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For years, investors have dealt with the effects of a falling dollar. But a recent sharp reversal has brought the dollar back into the spotlight -- and has investors scurrying to get their bearish bets off the table.
In 2000, a euro was worth about $0.82. In seven years, the dollar lost nearly half its value, with the euro rising above $1.60 earlier this year. Since July, though, the U.S. currency has regained a decent chunk of its lost value, and now it costs just $1.40 to buy a euro.
Winners and losers
The dollar's decline accompanied a number of major investing trends that have prevailed in recent years. The rise in commodities prices, especially gold and oil, was far more pronounced against the backdrop of a dropping currency. Some believe that investors actually used commodities as a hedge against the falling dollar; commodities-linked stocks like PotashCorp (NYSE: POT ) gave investors outstanding returns over those years. In addition, international stocks enjoyed an unparalleled run of strong performance, as favorable currency valuations amplified rising share prices to give U.S. investors' foreign holdings a double shot in the arm.
Now, though, many of these trends are reversing. Oil has fallen by nearly one-third, to just above $100 per barrel, and natural gas has also dropped sharply, causing companies like ConocoPhillips (NYSE: COP ) and Chesapeake Energy (NYSE: CHK ) to lose much of their gains over the past year. Gold has lost almost a quarter of its value in just two months, with miners Newmont Mining (NYSE: NEM ) and Vale (NYSE: RIO ) following suit with even bigger losses. And as badly as the U.S. stock market has been doing lately, many foreign markets are having an even rougher time.
Preparing for the future
If the dollar continues to climb, look for several investing themes to grow increasingly important:
- Export reversal. The weaker dollar has made U.S. products more affordable to customers abroad. The resulting climb in exports has played a major role in bolstering the weak economy. If the dollar becomes strong again, however, that support will fall off as exports become less attractive to foreign buyers.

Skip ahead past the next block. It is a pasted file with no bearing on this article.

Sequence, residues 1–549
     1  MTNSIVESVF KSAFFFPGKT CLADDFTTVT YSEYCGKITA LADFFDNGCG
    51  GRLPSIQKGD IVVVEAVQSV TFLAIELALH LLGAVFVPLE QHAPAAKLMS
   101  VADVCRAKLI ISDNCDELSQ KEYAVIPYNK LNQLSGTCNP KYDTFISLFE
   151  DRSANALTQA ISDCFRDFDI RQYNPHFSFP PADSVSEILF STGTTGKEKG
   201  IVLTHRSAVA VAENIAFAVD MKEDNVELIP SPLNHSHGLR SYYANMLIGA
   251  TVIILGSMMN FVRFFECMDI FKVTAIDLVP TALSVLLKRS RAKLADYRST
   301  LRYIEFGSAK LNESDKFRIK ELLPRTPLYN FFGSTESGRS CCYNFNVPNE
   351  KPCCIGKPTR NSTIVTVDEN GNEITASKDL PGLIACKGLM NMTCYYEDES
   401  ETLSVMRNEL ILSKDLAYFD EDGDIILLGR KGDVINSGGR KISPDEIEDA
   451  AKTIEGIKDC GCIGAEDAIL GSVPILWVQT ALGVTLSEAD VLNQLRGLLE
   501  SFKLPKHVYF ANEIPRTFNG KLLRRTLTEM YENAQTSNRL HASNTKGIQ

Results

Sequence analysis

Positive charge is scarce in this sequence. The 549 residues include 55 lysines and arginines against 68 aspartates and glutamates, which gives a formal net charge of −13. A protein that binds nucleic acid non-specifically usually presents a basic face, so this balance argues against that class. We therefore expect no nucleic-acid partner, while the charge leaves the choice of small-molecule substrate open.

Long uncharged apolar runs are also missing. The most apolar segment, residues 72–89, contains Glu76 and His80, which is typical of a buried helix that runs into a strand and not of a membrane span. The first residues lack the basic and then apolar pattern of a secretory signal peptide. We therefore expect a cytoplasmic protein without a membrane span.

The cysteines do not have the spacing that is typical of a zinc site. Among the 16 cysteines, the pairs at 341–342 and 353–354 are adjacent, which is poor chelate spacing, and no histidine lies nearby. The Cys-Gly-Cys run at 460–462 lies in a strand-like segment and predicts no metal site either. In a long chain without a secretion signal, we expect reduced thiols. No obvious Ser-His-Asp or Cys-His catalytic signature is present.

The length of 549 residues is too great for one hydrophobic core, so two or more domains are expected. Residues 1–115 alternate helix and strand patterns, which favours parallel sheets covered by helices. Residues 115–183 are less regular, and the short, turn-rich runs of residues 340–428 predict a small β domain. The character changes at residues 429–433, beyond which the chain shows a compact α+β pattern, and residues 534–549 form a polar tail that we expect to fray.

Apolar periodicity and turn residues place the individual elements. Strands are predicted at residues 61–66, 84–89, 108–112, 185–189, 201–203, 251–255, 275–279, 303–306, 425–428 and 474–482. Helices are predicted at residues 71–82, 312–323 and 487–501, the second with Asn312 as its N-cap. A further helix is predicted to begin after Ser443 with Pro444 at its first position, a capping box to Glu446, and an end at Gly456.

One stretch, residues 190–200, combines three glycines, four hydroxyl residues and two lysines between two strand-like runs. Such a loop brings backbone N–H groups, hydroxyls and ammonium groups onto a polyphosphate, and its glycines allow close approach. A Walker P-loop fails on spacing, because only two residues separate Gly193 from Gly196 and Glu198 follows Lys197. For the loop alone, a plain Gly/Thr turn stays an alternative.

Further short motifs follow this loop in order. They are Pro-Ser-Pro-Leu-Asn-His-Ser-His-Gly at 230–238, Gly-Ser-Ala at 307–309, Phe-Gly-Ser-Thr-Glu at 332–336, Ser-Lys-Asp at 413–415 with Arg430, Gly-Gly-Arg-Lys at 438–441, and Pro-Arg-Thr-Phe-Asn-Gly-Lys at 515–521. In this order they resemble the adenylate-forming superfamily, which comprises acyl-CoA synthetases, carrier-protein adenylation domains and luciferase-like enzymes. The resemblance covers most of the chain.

- Value abroad. As the dollar fell, it became increasingly difficult for U.S. investors to buy shares of foreign companies at reasonable prices. Combining falling foreign share prices with a stronger dollar, however, will cause foreign stock values in U.S. dollar terms to drop quickly. That will hurt current shareholders, but it could open the door to new foreign investment.
- Multinationals suffer. For years, multinational companies with a substantial presence abroad, such as McDonald's (NYSE: MCD ) and Starbucks (Nasdaq: SBUX ) , have gotten an extra boost from foreign profits that got translated to dollars. A stronger dollar will devalue revenue from foreign operations, causing growth in dollar terms to slow, even if volumes in local currencies stay stable or grow slightly.
- Restored confidence. Talk of the dollar losing its status as a reserve currency has roiled markets from time to time. A reversal of the lower-dollar trend would help reestablish the dollar as a central currency for global trade, helping to restore confidence in the U.S. economy.
Of course, it's far too early to conclude that the rise in the dollar over the past couple of months is the beginning of a multiyear rebound for the U.S. currency. As with any market, the euro could merely be going through a correction in a continuing bull market, and the dollar could fall back to its recent lows and beyond.
Yet even if it is just a correction, the dollar's latest rise might not be over yet. The dollar could still appreciate substantially from its current levels -- potentially causing more pain for investors who've made big profits by betting against the dollar in recent years, but rewarding those who can shift their thinking to adapt to new trends.
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